The New Market Leaders: Who's Winning and How in the Battle for Customersby Fred Wiersema, Frederik D. Wiersema, Frederik D. Wiersema
In the decade since Fred Wiersema coauthored the #1 bestseller The Discipline of Market Leaders, a momentous shift has occurred. We have entered an age of customer scarcity -- an age in which exciting, often unorthodox companies are revolutionizing the global marketplace. In this path-cutting work, Wiersema provides new benchmarks for ranking businesses in this new economy and reveals the strategies that set winning companies apart.
After tracking 5,000 companies worldwide for over six years, Wiersema discovered that just a few hundred of these exert tremendous influence on the new economy. Here, he explains why traditional measures of competitive prowess no longer apply and, using new yardsticks, identifies today's 100 most influential businesses. With practical strategies for managers and investors, Wiersema then shows how to recognize and emulate these dynamic new market leaders.
Donald P. Jacobs Dean, Kellogg Graduate School of Management, Northwestern University Fred Wiersema presents a thorough and incisive analysis of how companies must rework themselves to compete in today's technology-laced business environment.
Rick Ellenberger President and CEO, Broadwing Inc. The New Market Leaders is a compelling examination of the buying patterns and decision drivers of today's increasingly sophisticated and skeptical customers. It is essential reading for any CEO looking to achieve a customer-centric profile for their company.
Alan Siegel Chairman & CEO, Siegelgale Fred Wiersema presents an elegant case for what it takes to be a market leader in this fiercely competitive and volatile new economy. I plan to send copies to my staff and clients.
Samuel K. Skinner Chairman, President & CEO, US Freightways Corp. The New Market Leaders gives business leaders important and invaluable advice on how the best companies win the battle for customers. The book is a winner!
Philip Kotler author of Kotler on Marketing Wiersema brilliantly demonstrates that the new market leaders turn customer scarcity into customer abundance through superior customer value creation and passion. This is one of the best marketing books in recent years.
D. D. "Del" Hock Former Chairman/CEO, Public Service Company of Colorado Wiersema's extraordinary insights into how market leaders develop their business strategies to win the increasingly competitive battle for customers is a real eye-opener. The book represents an important contribution to business literature...and offers a host of ideas for future market leaders.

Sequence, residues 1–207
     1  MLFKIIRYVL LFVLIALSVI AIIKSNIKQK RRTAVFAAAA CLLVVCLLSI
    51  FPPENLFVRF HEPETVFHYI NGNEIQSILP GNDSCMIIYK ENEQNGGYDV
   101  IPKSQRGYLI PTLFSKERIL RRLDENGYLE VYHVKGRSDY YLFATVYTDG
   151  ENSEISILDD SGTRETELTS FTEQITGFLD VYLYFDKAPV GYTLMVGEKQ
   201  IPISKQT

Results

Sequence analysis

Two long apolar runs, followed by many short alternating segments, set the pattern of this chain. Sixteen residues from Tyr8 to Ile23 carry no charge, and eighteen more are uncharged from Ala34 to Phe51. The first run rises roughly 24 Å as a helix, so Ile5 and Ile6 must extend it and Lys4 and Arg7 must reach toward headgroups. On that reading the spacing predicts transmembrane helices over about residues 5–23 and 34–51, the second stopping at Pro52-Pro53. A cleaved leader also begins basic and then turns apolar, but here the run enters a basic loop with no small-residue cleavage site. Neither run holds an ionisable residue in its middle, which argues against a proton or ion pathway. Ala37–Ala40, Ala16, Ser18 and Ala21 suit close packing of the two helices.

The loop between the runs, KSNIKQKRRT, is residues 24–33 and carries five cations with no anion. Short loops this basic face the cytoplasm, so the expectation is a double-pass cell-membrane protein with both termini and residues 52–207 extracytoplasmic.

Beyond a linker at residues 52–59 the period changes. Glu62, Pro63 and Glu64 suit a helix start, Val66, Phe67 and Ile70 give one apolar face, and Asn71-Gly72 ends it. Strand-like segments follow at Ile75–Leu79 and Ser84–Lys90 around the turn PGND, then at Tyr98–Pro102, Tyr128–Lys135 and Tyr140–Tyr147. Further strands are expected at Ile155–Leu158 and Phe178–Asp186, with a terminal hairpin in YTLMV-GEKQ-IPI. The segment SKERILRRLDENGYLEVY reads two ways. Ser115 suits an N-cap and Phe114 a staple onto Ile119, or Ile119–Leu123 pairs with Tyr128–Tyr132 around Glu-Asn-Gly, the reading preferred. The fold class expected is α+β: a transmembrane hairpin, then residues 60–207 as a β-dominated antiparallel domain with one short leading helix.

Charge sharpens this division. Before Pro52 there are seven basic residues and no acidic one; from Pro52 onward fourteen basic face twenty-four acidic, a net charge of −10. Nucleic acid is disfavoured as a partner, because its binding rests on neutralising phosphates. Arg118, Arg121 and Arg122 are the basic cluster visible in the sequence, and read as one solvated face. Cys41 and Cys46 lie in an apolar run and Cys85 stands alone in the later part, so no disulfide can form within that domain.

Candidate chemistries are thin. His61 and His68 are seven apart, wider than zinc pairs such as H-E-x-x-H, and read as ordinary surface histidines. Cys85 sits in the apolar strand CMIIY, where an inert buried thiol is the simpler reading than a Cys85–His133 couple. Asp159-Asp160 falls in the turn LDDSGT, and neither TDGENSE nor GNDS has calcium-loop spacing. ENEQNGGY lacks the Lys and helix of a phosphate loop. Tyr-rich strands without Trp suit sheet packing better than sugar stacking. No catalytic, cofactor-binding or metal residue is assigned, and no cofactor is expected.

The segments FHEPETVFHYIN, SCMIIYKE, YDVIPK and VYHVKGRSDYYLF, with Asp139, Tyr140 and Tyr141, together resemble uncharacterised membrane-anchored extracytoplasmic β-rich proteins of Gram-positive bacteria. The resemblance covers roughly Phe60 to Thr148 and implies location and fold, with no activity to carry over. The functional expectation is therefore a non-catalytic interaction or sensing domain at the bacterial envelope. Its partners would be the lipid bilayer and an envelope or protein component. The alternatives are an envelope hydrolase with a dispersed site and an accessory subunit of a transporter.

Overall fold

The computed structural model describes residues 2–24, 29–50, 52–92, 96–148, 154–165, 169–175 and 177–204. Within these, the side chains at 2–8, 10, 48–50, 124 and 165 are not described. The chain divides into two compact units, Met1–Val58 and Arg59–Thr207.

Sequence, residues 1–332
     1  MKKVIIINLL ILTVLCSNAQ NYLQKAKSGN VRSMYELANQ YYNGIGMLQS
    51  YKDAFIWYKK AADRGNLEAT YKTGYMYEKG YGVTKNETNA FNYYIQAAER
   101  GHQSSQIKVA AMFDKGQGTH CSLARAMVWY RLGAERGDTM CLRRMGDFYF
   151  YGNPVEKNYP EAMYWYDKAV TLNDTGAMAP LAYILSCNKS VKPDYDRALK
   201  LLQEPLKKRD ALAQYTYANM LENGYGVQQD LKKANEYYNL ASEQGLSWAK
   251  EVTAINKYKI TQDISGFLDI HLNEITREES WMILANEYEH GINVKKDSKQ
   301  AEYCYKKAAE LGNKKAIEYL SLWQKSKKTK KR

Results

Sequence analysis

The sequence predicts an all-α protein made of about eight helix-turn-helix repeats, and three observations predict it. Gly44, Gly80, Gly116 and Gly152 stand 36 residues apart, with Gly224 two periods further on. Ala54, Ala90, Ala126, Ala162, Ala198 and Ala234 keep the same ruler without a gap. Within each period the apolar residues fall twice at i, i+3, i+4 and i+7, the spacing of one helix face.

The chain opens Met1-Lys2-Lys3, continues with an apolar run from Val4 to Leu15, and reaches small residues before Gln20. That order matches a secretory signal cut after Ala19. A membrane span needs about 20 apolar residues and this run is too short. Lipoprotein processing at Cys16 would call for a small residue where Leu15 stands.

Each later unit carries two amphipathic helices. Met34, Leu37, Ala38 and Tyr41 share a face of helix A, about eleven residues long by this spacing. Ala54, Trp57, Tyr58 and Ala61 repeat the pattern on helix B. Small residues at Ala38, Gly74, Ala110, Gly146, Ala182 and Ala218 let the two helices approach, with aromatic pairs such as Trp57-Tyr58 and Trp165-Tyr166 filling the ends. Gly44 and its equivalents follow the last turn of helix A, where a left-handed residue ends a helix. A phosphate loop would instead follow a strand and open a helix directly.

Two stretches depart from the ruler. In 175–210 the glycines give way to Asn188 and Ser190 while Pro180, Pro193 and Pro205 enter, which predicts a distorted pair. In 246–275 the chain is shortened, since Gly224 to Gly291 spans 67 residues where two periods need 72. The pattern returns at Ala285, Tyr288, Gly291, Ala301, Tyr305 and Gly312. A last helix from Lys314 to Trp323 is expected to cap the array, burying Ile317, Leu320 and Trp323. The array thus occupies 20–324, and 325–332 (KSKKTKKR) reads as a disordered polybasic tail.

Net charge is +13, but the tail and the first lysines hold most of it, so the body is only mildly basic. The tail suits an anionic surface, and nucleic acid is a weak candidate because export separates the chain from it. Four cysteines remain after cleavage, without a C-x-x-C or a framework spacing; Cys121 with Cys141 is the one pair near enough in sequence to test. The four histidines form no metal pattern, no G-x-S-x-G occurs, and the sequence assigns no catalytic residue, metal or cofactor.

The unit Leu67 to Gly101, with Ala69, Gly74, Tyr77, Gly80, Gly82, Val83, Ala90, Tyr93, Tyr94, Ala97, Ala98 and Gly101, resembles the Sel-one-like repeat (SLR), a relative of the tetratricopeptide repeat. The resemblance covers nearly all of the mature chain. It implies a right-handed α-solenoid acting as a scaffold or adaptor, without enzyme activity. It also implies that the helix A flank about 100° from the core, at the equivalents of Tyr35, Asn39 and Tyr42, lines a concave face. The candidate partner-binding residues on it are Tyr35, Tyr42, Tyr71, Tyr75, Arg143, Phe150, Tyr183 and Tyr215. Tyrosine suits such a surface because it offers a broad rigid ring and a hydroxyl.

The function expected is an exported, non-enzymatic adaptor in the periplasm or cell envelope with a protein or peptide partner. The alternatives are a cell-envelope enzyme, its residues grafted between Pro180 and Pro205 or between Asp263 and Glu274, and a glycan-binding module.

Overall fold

James J. O'Connor Retired Chairman & CEO, Unicom Corp. Organizations in today's fast-paced, rapidly changing world need new ways to think about strategy, customers, technology, and growth. Wiersema hits all the bases.
- Free Press
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Read an Excerpt
The idea for this book originated during a World Economic Forum summit meeting in 1996. Over lunch, I joined a number of U.S. and European executives in aan animated discussion about the emerging Internet economy. In the United States, some of the Europeans noted, managers appear fascinated by colorful stories about upstarts, whereas in Europe they show a bias for hard data and solid track records. "Tell me," one person asked, "when you watch all the hype about the the Web and these New Economy players, how do you size up their true influence and potential?" With no satisfactory answer, it occurred to me that we needed a fresh way to look at companies' performance and market strategies, and one that would apply to both conventional and new businesses.
Consider: When Fortune magazine surveyed more than ten ten thousand executives, directors, and securities analysts to compile its 1999 lists of most-admired companies, Catepillar Inc. led the industrial and farm equipment suppliers, and Merrill Lynch & Co., the securities firm.
The question is, did Fortune's list really identify the role models for the New economy? Did it pick out those companies that strongly influence how the marketplace is evolving in this era of unprecedented competition? These questions questions assume critical importance as managers try to cope with today's challenges.
When I designed my own list of the top 100 new market leaders that same year, Caterpillar and Merrill Lynch were not on it. And that was only the beginning of where the lists differed.